Tuesday, August 5, 2008

Post Weekend Hangover?

August 5, 2008 - When the long weekend is over and you are expected back at the office... how do you deal with the depression? Do you put your nose down and get to it, or look at the piles of stuff and wonder if you should just wait until after lunch and the End-Over passes. (The End-Over is the painful symptoms that follow a long-weekend. An End-Over is not quite a hang over, but just as sad... They most often happen each Monday, but symptoms are more severe, and require more treatment on the Tuesday after a long weekend.)

Summer in Vancouver means racking up as many patio hours as possible before we need to return to work, saying good-bye to the Summer, the sunshine, and welcoming the rains of Fall, Winter and Spring. In attempts to push off the End-Over for as long as possible, Monday night of the long weekend is spent on a patio. Any patio will do. Coffee shop patios are good. Restaurants, bars and pubs are even better. In a pinch, you can hang around on the curb beside a street vendor hot dog cart. A patio (or curbside eatery) is a patio (or curbside eatery). Last night, a friend and I walked the dogs in search of the perfect patio to while away the last of the long weekend, and stave off the start of the End-Over. Not a unique idea by any stretch of the imagination. There was no patio table to be found, and the hot dog carts were put away for the night. The End-Over was near.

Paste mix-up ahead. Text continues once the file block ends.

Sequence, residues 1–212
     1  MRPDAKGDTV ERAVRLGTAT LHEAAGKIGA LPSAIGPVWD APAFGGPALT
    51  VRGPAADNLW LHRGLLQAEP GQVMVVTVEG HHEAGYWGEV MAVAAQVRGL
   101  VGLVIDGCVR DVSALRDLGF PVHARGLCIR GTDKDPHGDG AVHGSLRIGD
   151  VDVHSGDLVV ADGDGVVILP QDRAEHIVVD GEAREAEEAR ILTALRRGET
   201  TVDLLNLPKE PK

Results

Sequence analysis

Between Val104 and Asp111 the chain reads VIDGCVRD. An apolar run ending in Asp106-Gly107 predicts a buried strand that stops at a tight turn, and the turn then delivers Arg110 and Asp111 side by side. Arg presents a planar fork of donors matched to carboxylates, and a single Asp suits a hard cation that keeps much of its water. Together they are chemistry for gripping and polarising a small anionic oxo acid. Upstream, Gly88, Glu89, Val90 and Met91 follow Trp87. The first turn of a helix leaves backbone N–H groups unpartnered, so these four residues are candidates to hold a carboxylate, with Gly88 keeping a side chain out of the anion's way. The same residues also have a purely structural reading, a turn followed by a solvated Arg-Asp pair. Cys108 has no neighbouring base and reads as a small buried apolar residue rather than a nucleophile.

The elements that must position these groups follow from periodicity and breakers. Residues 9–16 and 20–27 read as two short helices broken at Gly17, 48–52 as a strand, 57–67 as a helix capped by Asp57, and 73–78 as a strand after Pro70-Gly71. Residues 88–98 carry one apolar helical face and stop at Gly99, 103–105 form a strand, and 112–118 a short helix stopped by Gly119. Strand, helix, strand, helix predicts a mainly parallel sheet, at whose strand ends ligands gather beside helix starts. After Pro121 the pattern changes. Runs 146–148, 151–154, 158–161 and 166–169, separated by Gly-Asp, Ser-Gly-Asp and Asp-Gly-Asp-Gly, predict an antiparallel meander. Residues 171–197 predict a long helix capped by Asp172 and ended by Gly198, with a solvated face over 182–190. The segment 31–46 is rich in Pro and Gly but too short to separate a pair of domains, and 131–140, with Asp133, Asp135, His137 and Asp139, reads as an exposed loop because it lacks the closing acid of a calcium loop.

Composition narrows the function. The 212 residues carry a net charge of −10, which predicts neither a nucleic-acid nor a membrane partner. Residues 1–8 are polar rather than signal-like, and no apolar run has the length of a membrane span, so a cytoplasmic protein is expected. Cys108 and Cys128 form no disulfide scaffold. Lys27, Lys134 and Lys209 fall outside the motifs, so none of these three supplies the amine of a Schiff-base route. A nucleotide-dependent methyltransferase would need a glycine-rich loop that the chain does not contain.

Today, we are back to work, and our noses are to the grindstone. Now I understand why today is Work Like a Dog Day. It will take really good treats and a promise of another long weekend to motivate me today. I would rather work like my dog. Since his retirement from active service, he works hardest on napping and playing.

Getting to work is another story all together. Traffic isn't any lighter in the Summer than it is in the fall. It used to be that the number of cars on the road dropped in the Summer months. Now, every day is rush hour. The only really noticeable difference is that rush hour starts earlier for the ride home. By 1500 hrs, folks are heading home, to the beach, to the bar, pub and restaurant patios, or home to mow the balcony. Imagine what that commute would be like without traffic control? The first traffic light was installed today in 1914 in Cleavland, Ohio. I wonder how bad the commute was in 1914 that they needed traffic lights? Thank god for the red, yellow and green. If you do make it to a patio for the evening, raise a pint for Traffic Light Day, and imagine how long it would have taken you to get there if not for the lowly traffic light? You might not have arrived in time to get a table.

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